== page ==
Many of us who care personally and professionally about aging, and millions more who admire the screen legend Bette Davis, may recall the adage attributed to her that "old age is no place for sissies."
While I could say a lot about this, I would suggest that the essential word here is "place."
A sense of place is part of our identity and even shapes our capacity for successful aging. Millions of people who know nothing about the scholarly study of successful aging nevertheless know instinctively that they want to "age in place." They long for the ability to stay at or near home, safely and independently, to avoid ending up by default in an age-segregated retirement community or isolated in the faraway hometown of a younger relative.
They're on to something. Done right, aging in place can help many older people preserve their independence, functionality, and even their health. That said, we have a lot of work to do to remove obstacles and enhance the possibilities.
Welcome to the age-friendly movement -- a fast-growing, interdisciplinary approach to community development that strives to promote aging in place and make communities great places to grow up and grow old. It does this by working to make it possible for older adults to stay mobile, to volunteer -- and, in some cases -- to continue working, to contribute to their families and neighborhoods and most importantly, to maintain a sense of purpose and belonging.
Grantmakers In Aging, the organization I lead, also known as GIA, sees huge upside in this approach and has launched Community AGEnda: Improving America for all ages, to accelerate the work of five ambitious age-friendly projects. Supported by the Pfizer Foundation, Community AGEnda also seeks to inspire aging professionals, funders, planners, nonprofits, developers, and people of all ages in joining or starting a project to make their own community more age-friendly.
While it encompasses aging services, age-friendly development is a broader cross-cutting effort that requires longterm vision, collaboration, political and community buy-in, and diversified, sustainable funding. All of us who want to see the experience of aging in America improved can contribute, and learn something from it.
To that end, GIA is releasing an important new set of research and tools to help cities and towns prepare for, and benefit from, the growing number of aging Boomers. These include Age-friendly America, a searchable online database with contact information and background on more than 200 age-friendly projects; Age-Friendly Communities: The movement to create great places to grow up and grow old in America: An introduction for private and public funders, an overview of the goals and accomplishments in the field to date; and Aging Power Tools: A curated selection of resources to promote stronger, age-friendly communities, a robust collection of tools from top practitioners. We hope you will investigate them and find them useful.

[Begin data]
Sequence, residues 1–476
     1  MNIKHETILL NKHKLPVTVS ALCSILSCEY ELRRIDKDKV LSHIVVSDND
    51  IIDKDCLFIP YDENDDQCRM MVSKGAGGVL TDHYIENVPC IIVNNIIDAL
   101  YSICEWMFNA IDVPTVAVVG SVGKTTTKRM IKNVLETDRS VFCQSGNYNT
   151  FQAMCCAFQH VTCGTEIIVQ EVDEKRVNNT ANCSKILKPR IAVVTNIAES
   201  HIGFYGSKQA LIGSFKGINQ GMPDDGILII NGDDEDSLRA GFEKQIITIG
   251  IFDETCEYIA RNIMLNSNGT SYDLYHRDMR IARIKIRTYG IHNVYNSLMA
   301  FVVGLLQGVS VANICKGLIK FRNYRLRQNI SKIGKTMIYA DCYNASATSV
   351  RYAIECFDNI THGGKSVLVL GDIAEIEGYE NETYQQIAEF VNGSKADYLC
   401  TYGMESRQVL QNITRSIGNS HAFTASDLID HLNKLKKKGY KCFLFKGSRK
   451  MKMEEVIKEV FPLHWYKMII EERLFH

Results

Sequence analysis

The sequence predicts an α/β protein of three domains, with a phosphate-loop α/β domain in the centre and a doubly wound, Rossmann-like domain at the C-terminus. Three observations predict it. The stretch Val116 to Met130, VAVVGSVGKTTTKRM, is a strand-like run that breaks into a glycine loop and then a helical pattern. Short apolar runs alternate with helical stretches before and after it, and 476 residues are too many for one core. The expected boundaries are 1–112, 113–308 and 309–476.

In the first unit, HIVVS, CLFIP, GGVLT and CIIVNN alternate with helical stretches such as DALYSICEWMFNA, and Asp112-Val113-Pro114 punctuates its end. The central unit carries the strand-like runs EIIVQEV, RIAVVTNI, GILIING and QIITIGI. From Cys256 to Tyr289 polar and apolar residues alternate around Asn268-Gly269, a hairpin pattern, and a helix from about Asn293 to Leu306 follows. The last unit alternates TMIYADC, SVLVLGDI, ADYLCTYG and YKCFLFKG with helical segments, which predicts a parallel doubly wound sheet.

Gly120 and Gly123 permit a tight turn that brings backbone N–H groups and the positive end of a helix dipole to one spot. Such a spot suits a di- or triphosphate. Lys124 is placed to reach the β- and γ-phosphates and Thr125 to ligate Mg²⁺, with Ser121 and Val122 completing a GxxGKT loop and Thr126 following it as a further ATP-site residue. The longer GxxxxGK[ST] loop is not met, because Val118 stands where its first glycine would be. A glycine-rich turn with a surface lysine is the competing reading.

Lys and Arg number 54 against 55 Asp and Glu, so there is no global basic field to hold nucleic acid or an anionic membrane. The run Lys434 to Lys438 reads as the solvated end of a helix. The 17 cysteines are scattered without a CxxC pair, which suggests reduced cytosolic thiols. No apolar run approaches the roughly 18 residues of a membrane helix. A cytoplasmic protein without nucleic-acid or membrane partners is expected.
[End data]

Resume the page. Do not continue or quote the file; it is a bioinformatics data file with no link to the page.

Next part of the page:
What does age-friendliness look like? Projects tend, appropriately, to be highly customized. Age-Friendly New York City, a standout example and an early member of the WHO Global Network of Age-Friendly Cities and Communities, has had success with reserving hours at local swimming pools exclusively for older adults, increasing seating, particularly in places where people wait in line, and improving access to laundry in public housing.
Ruth Finkelstein, ScD, Senior Vice President for Policy and Planning at The New York Academy of Medicine and director of Age-Friendly New York City, also says the human factor is critical. "We found social participation to be the single most important dimension for older New Yorkers. Being able to live in a neighborhood where you know people, where people know you, and where places outside of your home include you is the key characteristic of an age-friendly city -- everything else flows from that."
Mobility becomes an issue as we age, and many communities have followed another of New York's leads by extending "walk" signal time at pedestrian crossings and adding audible signals. Some communities take a more sweeping urban planning-based approach. Bloomington, Indiana is seeking zoning and development incentives to create a Lifetime Community District with many age-friendly features including accessibility promoted by Universal Design, "complete streets" suitable for bicycles and walkers as well as cars, access to fresh food, and affordable housing.
- Linking health and social services in innovative ways to serve older adults better;
- Revitalizing aging network services that no longer meet the needs of today's older adults, or that have been affected by federal and state budget cuts;
- Improving one aspect of a community, such as transportation, recreation, arts, or healthcare;
- Taking a place-based approach by focusing efforts in a discrete neighborhood with a large population of older people or
- Meeting the needs of a single racial or ethnic population of elders.
This is how Phil Stafford, director of the Center on Aging and Community at the University of Indiana in Bloomington and a Community AGEnda advisor, describes Elderburbia, his name for an age-friendly ideal: a place where, "communities are radically transformed from isolating spaces to authentic places where elders thrive as essential players in communities for life."
Americans' growing longevity is something to prepare for, and something to celebrate. In building more age-friendly communities, we can work together to do both.
* This piece was originally published on the American Society on Aging's AgeBlog and is re-published with permission.